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Will Build To Suit...Eventually


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Will Build to Suit...Eventually

New-home construction is taking a pounding

When Anna Cobb signed a contract in May, 1998, to have a Dallas developer build her $234,000 dream house in nearby Coppell, she expected to move in by October. Instead, after chronic construction delays, including changing project managers three times and wrangling with the developer over poor workmanship, she finally moved in this May--seven months late. "It's been a nightmare," says Cobb, a widowed mother of two.

Like Cobb, a growing number of new-home buyers are facing unexpected delays as developers struggle to keep up with the roaring demand foR new houses--and for almost everything else, from offices to factories to rehabs. As the nation enters peak building season, the impact on the overworked construction industry is becoming clear: On both coasts and most places in between, builders are reporting that they can't find some key materials or enough skilled labor to build homes.MINIFLATION. As a result, everything is taking much longer (chart) and costing much more. The shortages have been so profound as to cut into the number of homes built: The Commerce Dept. reported on May 18 that housing starts in April dropped a stunning 10.1%--the biggest monthly decline in more than five years--partly because the labor and materials weren't there to build them.

With demand unquenchable and supplies limited, prices to everyone have been shooting upward as well, creating a mini-inflation boom. For the builders and subcontractors, prices on raw materials and labor have shot up, on average, between 15% and 20%. "I've never seen it this bad," says Eduardo Stern, vice-president of Miami-based LandStar Homes, which has seen the price it pays for sheetrock more than double, from $10 to $21 a board, since January.

For buyers, prices on new homes have jumped 3.7% since the first quarter of last year. Frustrated with the new-home logjam, more buyers are turning to existing homes, pushing sales and prices in that market far ahead of projections. In both March and April, the annualized sales rate on existing homes passed 5 million units, and real estate experts predict that prices could be up 6.3% by the end of the year.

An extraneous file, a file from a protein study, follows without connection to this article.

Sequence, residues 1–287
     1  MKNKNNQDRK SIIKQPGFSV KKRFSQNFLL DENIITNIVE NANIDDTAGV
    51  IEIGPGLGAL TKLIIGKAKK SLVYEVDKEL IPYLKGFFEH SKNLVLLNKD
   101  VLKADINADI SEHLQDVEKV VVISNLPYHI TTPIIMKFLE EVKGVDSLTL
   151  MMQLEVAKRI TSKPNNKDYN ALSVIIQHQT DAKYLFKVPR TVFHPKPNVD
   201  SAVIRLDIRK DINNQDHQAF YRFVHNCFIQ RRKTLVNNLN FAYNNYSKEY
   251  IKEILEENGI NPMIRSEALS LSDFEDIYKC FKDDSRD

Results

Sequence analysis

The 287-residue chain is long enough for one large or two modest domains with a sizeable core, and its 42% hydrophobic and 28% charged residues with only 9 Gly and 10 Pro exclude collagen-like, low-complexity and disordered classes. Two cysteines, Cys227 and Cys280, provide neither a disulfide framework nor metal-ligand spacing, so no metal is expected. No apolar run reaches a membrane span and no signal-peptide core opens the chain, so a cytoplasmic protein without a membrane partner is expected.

There's no relief in sight. In the next couple of months, in fact, supplies of materials and carpenters could be strained as communities in Oklahoma and Kansas set about replacing some of the nearly 10,000 homes destroyed by tornadoes in early May. "It's going to be tough," says David Seiders, chief economist for the National Association of Home Builders. "Here we are with dramatic shortages that are causing bottlenecks when we need to be producing in large quantities."

But as bad as the double-digit price hikes for materials such as sheetrock and insulation are, the biggest headache for builders is finding skilled labor. "Subcontractors are in such huge demand, they get what they ask for," says Scott Colwell, owner of Hoover Realty Trust and vice-president of the Builders Association of Greater Boston. For their part, subcontractors, who are hired to do everything from digging and pouring the foundation to painting the walls and hanging wallpaper, must also mount multistate searches to fill their crews.

But in this low-unemployment economy, many of the workers who might have opted for this lucrative, seasonal work are comfortably placed in year-round office positions. To get crews, subcontractors are raising wages--20% so far this year, according to Colwell.

The worker shortage has left many in the industry worried that the situation could lead to shoddy construction by less-skilled craftsmen. Indeed, in a recent NAHB survey, 80% of the builders expressed concern about the quality of available skilled labor. "When you're as shorthanded as our industry is, you do bring unskilled workers in," says Daniel J. Bennet, president of the National Center for Construction Education & Research in Gainesville, Fla. Bennet's group has helped contractors recruit and train about 500,000 new workers since it began in 1995.

"The labor market is the No. 1 issue facing builders," says Steven B. Alloy, president of Stanley Martin Cos., a homebuilder and subcontractor in Reston, Va. "There has to be quality control." Without it, even the most flush buyers may think twice about paying today's high prices for a new home.By Stephanie Anderson Forest in Dallas, with bureau reportsReturn to top


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